Representative to the US Shen Lyu-shun (沈呂巡) yesterday said that the US was not notified in advance of the New Year’s Day flag-raising ceremony at Twin Oaks Estate in Washington, but said the ceremony did not require “approval” and was done according to “precedent,” adding that it had deliberately not notified the US “out of good will,” to allow the US to have the leeway to declare that it had not known about the event beforehand.
The raising of the Republic of China (ROC) national flag on New Year’s Day at Twin Oaks, currently the residence of the nation’s official representative to the US, but once that of ROC ambassadors to the US, has caused friction between the US and Taiwan, with the predictable protest from China.
The ceremony was initially reported to have been “the first in 36 years, since the flag was lowered in 1978, when Washington switched recognition to the People’s Republic of China” and to have received “the US’ permission in advance.”
Shen, speaking at a meeting of the legislature’s Foreign and National Defense Committee meeting yesterday, said those reports had been mistaken, because the New Year Day’s flag-hoisting was not the first in the past 36 years, as the flag was raised at a party to celebrate Double Ten National Day last year.
Accusing “certain media” of “misreporting,” Shen added that there was no need for the office to secure the US’ “approval” beforehand, it or its “forgiveness” afterward, since “the Twin Oaks is our property, which the ROC government bought for US$2 million.”
However, Shen said he would continue to communicate with US officials on the matter, after lawmakers voiced concerns that the incident might incur retaliatory actions from the US, such as stalling ongoing trade negotiations or lowering the level of bilateral exchanges.
The representative railed against “certain media” over their reports citing “an [unnamed] official in US President Barack Obama’s administration” as saying that the action had undermined trust and hurt the Taiwan-US bilateral relationship.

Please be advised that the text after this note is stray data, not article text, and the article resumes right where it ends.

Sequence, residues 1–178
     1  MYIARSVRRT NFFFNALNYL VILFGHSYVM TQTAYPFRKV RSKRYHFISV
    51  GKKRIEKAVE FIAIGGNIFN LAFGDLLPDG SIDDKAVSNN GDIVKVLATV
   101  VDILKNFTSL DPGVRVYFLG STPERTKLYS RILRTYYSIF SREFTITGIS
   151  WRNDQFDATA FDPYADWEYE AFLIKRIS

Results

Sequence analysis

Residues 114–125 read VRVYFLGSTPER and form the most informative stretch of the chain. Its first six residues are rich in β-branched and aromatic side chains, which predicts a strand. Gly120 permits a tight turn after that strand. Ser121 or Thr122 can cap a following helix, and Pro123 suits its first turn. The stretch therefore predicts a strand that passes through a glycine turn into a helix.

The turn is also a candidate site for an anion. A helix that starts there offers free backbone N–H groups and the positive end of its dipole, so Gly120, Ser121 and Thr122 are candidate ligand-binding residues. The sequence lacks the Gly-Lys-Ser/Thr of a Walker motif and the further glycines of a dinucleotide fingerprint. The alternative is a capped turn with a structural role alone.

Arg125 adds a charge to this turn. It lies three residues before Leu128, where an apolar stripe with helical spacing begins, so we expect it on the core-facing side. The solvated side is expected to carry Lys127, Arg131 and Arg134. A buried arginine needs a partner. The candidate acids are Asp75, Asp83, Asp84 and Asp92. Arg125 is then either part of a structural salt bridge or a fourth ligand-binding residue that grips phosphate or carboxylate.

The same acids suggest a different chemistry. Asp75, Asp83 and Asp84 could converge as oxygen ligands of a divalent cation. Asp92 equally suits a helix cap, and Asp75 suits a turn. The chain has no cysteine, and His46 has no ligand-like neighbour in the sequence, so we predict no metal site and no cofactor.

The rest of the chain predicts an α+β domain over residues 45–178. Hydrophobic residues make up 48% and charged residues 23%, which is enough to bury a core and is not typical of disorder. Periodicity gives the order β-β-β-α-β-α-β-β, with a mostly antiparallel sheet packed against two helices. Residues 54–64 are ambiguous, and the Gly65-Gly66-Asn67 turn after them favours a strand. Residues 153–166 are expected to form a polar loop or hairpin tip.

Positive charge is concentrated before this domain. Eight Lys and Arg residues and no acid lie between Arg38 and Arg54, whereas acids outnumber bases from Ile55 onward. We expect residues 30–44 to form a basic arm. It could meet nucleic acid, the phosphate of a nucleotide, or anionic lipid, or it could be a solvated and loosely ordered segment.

Shen denied that the quoted official, who reportedly laid out seven points to delineate the Obama administration’s position and disapproval of the event, could represent Washington’s official position, underlining US Department of State spokesperson Jen Psaki’s remarks that “nothing has changed [concerning the bilateral relationship]” and contending that US policy officials he had talked to about the matter had expressed their understanding, and there has been “no repudiative comments from the US.”
However, Shen was informed by KMT Legislator Lin Yu-fang (林郁方) of the latest remarks made by Psaki on Tuesday, which said the US is “disappointed with the action” and “the flag-raising ceremony violated [the two parties’] longstanding understanding on the conduct of [the Taiwan-US] unofficial relations.”
Lin nevertheless called the incident “a tempest in a teapot” and displayed a photograph during the meeting picturing the US national flag raised at the American Institute in Taiwan (AIT).
“How come they can raise the flag at the AIT, but we cannot at Twin Oaks?” he asked.
People First Party Legislator Thomas Lee (李桐豪) attributed the controversy to China, “without whose pressure there would not be any problem with our flag-raising ceremony in the US.”
“The Chinese government has failed to keep a sober mind on this issue,” Lee said. “If Beijing cannot even recognize the ROC flag, is it trying to push Taiwan toward [formal] independence?”
“There has already been a 318 [Sunflower] movement, and if Taiwanese continue to see this kind of repression from China [against Taiwan’s international space], another 318 can be expected,” Lee said.
Shen said pressure from the Chinese government is incessant and that it is the “degree” that matters.
“I’ve heard that they also protested against our flag-raising on Double Ten. The difference this time, I suspect, lies in that the local Chinese-language newspaper, in addition to running the flag-raising event as a headline, ran the story of me attending the chairman handover ceremony of the Chinese Consolidated Benevolent Association,” Shen said, implying that overseas compatriots’ support had further riled the Chinese authorities.
Shen, facing Democratic Progressive Party lawmakers’ repeated inquiries, denied that the Ministry of Foreign Affairs, the National Security Council or the Presidential Office had any advance knowledge of the event.
Deputy Minister of Foreign Affairs Andrew Kao (高振群) said the ministry relies on first-line diplomatic officials’ judgement and expertise and fully backs their decisions.
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